Was the Round Table Really the Best Move for Arthur?

Or Choosing the Right Seating Style for Your Event

Ah, the good old days when battles took a break for morning tea, no one shot the drummer boy, and you knew where your seat should be at the battle after-banquet. Oh, if only life were still so simple.

According to lore, they kept it easy with long trestle tables, and a strict seating hierarchy, none of the chaps at the top table wanted to hear from the plebeians anyway. There were apparently a few knights who had a round table, but it caused some controversy. These days, lords and ladies hardly ever turn up at conferences so by necessity, we turn to other considerations to guide our seating arrangements.

The best seating style for your event depends on its purpose, how much interaction there will be between participants, and how many guests you expect.

So, what are you plotting?

FIRMLY FUN: Social or celebration. If you are organising a sociable event, like a birthday celebration, team bonding, community fundraiser, wedding or exhibition have a look at these 4 popular styles of seating arrangement designed to facilitate the easiest communication between guests.

Banquet: There are two styles commonly referred to as Banquet style. You will need to check with venues to clarify their interpretation.

  1. Banquet style, long trestles: Guests are seated facing each other in a small number of loooong rectangular tables (think Medieval banquet hall).

Great for large staff dinners, large birthday celebrations, Christmas functions, weddings, and informal events where the main focus is the people not a stage.



  • Fits more seated guests into a space
  • Forms cohesive groups within a large crowd.


  • Cuts guests off from communicating with other than those few immediately around them
  • Guests have to contort their necks to see any focal event at front.
  1. Banquet style, small tables: This style recalls your dinner table at home, with small groups of guests seated facing inwards around a number of round or square tables.

Great for staff dinners, birthday celebrations, Christmas functions, weddings, and fundraisers; informal events where the main focus is the people not a stage.



  • Promotes maximum conversation between guests as you can see and hear everyone around your table without getting a crick in your neck.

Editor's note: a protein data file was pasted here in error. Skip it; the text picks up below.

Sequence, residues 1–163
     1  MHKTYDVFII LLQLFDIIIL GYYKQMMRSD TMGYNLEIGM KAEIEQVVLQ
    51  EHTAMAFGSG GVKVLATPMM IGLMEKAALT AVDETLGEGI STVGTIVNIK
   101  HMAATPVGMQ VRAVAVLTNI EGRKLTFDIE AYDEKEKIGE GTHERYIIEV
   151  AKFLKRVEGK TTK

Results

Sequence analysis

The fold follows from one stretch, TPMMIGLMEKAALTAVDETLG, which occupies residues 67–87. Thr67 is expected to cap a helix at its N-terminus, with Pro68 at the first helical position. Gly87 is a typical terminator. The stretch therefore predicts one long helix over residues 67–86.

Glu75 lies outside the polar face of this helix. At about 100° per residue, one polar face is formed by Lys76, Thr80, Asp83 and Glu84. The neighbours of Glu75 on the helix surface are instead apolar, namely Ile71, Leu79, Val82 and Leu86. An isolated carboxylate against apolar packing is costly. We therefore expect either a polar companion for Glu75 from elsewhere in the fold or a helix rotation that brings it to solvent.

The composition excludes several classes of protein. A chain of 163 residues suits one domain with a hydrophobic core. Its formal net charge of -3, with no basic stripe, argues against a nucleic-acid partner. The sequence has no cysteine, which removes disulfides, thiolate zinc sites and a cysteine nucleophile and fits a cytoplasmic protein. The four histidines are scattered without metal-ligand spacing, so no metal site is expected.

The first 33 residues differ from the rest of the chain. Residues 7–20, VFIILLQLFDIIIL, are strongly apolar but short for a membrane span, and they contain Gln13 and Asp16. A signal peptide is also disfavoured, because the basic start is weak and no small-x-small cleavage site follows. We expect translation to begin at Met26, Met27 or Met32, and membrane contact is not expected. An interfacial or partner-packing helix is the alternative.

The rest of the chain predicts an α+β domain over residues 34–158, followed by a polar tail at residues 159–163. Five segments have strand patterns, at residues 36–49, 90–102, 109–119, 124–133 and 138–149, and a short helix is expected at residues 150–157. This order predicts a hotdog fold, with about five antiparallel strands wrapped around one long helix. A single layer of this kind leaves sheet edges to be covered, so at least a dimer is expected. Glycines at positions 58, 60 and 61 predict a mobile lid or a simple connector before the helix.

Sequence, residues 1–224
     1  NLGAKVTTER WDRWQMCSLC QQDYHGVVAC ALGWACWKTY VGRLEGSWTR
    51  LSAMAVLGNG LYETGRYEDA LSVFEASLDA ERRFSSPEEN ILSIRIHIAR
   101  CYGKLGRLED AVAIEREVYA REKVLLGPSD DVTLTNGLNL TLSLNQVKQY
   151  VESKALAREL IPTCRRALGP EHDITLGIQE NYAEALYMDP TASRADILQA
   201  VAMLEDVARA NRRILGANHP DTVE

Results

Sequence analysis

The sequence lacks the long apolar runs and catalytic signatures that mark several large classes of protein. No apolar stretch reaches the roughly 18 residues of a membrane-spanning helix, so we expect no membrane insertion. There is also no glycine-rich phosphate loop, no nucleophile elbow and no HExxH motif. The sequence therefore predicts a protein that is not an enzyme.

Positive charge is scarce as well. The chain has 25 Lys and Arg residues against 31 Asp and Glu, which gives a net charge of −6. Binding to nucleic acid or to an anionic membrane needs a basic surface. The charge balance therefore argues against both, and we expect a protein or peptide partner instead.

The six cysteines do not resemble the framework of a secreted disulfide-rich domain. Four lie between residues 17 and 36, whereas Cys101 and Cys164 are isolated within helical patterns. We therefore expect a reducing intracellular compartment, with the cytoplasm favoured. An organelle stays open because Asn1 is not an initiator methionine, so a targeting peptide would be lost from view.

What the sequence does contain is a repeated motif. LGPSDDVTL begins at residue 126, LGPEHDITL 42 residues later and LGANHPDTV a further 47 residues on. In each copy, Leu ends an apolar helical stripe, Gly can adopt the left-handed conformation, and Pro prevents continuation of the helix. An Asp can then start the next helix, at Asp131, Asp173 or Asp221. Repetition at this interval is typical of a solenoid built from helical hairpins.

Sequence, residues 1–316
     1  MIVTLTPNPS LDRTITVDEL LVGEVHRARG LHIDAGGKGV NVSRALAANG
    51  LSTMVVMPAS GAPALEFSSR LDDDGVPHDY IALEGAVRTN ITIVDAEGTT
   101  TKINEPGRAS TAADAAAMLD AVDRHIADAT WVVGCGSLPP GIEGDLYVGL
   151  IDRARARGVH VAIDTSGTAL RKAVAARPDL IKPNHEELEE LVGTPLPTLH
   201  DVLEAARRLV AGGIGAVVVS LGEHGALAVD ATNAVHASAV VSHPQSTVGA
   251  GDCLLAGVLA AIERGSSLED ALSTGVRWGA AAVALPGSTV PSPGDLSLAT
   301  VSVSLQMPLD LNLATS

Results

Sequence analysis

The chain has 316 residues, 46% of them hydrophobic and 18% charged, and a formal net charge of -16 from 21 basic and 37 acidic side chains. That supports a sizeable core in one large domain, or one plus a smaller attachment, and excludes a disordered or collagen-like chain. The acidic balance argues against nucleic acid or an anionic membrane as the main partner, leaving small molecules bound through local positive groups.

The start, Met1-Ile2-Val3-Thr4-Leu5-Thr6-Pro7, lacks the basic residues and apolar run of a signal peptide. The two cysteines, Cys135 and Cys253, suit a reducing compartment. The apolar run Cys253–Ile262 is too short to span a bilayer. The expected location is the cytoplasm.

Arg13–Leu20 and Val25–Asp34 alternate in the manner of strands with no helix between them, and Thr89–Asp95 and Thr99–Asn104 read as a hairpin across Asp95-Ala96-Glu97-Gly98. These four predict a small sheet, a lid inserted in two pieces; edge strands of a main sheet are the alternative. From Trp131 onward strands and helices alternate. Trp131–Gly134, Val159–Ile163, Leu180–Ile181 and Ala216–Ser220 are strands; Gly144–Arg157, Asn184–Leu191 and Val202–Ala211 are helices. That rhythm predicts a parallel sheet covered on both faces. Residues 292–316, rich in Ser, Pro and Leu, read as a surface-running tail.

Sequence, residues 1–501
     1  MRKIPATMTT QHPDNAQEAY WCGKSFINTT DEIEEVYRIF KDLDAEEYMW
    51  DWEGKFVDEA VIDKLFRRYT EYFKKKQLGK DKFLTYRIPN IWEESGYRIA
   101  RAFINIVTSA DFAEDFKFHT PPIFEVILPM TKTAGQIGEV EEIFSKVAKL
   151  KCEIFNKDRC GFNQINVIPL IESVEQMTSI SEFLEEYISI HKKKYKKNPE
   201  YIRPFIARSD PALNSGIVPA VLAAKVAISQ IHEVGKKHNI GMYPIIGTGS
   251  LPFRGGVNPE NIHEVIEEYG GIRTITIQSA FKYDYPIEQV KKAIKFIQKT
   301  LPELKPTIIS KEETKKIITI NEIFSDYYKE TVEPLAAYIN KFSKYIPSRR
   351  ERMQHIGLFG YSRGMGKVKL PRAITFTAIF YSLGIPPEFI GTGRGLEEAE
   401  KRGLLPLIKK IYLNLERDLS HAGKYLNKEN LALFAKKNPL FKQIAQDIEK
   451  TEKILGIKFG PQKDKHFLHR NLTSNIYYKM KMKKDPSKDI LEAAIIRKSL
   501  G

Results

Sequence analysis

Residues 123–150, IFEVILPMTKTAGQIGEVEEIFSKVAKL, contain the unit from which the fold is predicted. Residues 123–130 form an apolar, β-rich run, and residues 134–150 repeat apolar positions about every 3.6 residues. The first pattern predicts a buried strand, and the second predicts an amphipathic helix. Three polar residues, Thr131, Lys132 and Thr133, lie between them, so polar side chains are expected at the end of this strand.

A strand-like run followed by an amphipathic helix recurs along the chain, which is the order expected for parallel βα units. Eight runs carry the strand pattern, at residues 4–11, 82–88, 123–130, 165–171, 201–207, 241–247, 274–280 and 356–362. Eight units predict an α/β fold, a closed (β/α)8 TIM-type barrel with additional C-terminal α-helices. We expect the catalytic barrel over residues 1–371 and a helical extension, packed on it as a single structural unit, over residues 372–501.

• Gives an informal, relaxed feeling, as setup is not linear.


  • Takes up more room, as space for passersby or waiting staff is required around each table.
  1. Cabaret: This style is similar to Banquet with small groups seated around round tables, but with an opening at one end.

Great for: Shows, awards dinners, fundraisers, training sessions, weddings.




  • Allows presentations/training/speeches to be conducted at the front of the room, while encouraging interaction between members.
  • Guests can enjoy food and drink while listening to speeches, keeps momentum and timing of the evening moving.
  • Everyone has a clear view to the podium/top table, can see the show/presentation/wedding speeches without turning around.


  • Fits less guests into the floor area
  1. Cocktail: OK, so this isn’t really a seating plan – you can’t enjoy a cocktail sitting down! You need to sashay in your sparkling dress to the next round of witty repartee. This style is milling around with finger food and glass in hand, standing up, no seating provided. Working the crowd.


  • Most efficient use of space – can fit the most guests into your space.
  • Greatest opportunity for guest interaction – guests able to roam and mingle at will.


  • No opportunity to sit down, no rest for sore stilettoed feet or aging dowagers.
  • No place to put your glass or canapés (though sometimes you can arrange a scattering of leaning tables).


STRICTLY BUSINESS: If you’re organising a business conference, meeting, or sales presentation your primary concern will be communication – from the presenter and the audience, and between audience members. The degree of interaction required and numbers of participants will dictate which of these styles works best for your event.

  1. Theatre: Formal. As in a theatre, seats are aligned in straight rows facing the front with aisles in between.